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in the face of a disease that by cancer standards isn’t good.” When asked if she’s scared, Klima nodded slowly, her head swollen from treatment. But still, ever the planner, her eyes fi xed on the future. “I want to see my kids graduate, get married and have their babies,” she says, her voice breaking as her face slowly dissolves into tears. “And graduate college, too.” Klima, who used to spend her days bouncing from appointment to commitment to meeting, is now confi ned to a chair. She speaks more softly and deliberately than she used to, but as far as her friends are concerned, she’s still got it. “She hasn’t lost a thing,” Righeimer says about Klima’s mind. “It’s hard to watch her physical body betray her mental. She’s so sharp and strong a personality and she just can’t do it as much anymore. That’s been hard.” T h e d e vo t e d m o m wh o couldn’t pass up an opportunity to spearhead a committee or support a good cause is still around. She talks at length and with great knowledge about the secondary schools’ switch to a six-period school day, and her concern that high school students won’t have the access to important electives they once enjoyed. It’s just that now, Klima says those things from a chair in her living room. “Not a lot has changed,” Righeimer says. “She sti l l voices her opinions. She’s as involved as she can be.” Life in the Klima household, though, is quite different. Charley has taken on a lot of his wife’s responsibilities, in addition to caring for her. “There are a lot of things in our lives that had to go away because we don’t have the time or the energy to do them,” Charley says. “A lot of things just fall away.” Charley used to handle cooking meals for the family, but he pats his stomach when he indicates that friends have been providing plenty of meals. His wife’s illness has left “everyday life turned upside down.” He’s now learning to do things like log in to Skyward, the district’s online system where families can see their students’ grades. “We have a lot of houseplants that died because Kari used to do the watering,” Charley says. Klima’s days are fi lled with doctor’s appointments, writing thank-you cards, taking naps and “waiting for a hug from my kids as they zoom through the room,” she says. The woman people relied on to keep schedules straight now admits she struggles to put events in sequence and remember which appointments are when. The thing she misses most of her healthier days is being able to drive. “For me, it’s feeling like I can only do a fraction of what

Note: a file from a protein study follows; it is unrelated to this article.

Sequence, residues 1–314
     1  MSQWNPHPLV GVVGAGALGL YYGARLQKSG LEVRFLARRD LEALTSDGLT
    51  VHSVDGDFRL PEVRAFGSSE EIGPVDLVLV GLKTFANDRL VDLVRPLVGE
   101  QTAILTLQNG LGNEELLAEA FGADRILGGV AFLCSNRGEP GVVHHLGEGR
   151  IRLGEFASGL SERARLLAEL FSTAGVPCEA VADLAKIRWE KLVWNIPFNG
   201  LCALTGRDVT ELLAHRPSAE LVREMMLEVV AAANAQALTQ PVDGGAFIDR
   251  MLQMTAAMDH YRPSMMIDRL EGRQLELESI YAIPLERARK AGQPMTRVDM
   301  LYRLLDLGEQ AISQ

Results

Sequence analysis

Caring about Kari People responded in droves with kind words about Kari Klima. Here’s what people in the Prior Lake-Savage area have to say: Lisa Garborg, head of the Prior Lake chapter of the Minnesota Council for the Gifted and Talented: “I’ve known Kari Klima for nine years. We were introduced by the Synergy specialists who realized we shared the same concern of providing options for rigorous classes. There are many things I love about Kari — one of them being her willingness to speak up and step up. She has never been shy about pointing out what she thought could be done better in the school district; but at the same time, she was willing to help make that happen. I call it the ‘we’ not ‘you’ attitude. Kari and I have served on more committees and fund raisers than I can count and she always took her involvement very seriously. In fact, last year when she unexpectedly found herself in the hospital facing brain surgery, she called me to fill in for her at a middle school curriculum meeting. I remember she talked for 10 minutes about her meeting notes before she got around to telling me why she was in the hospital. Her dedication was inspiring. Dedication not just to making things better for her own children; but for all kids who shared the same need to be challenged. That selflessness is what makes Kari such an amazing person. Mary Viereck, Prior Lake-Savage Area Education Foundation board member: “I first met Kari when a steering committee was put together to form an education foundation. ‘Passionate’ is probably the first word that comes to me – she is always so passionate about the community, all ages. She is one of most involved and tireless volunteers, always going above and beyond. I have so much respect for her!” Martha Hoover, former Prior Lake-Savage Area School Board member and current president of the Prior Lake-Savage Area Education Foundation: “Whether it’s parenting, pushing through a school levy or being on a school committee, she jumps in with both feet, does her research and brings solutions back to the table. She has the ability to gather lots of great information. When she hears ‘no,’ she goes back with a blast of information that shows why things just might be a ‘yes.’… Dedicated, smart, and in for the long haul, every school district should have at least one Kari. Her tenacity is unmatched.”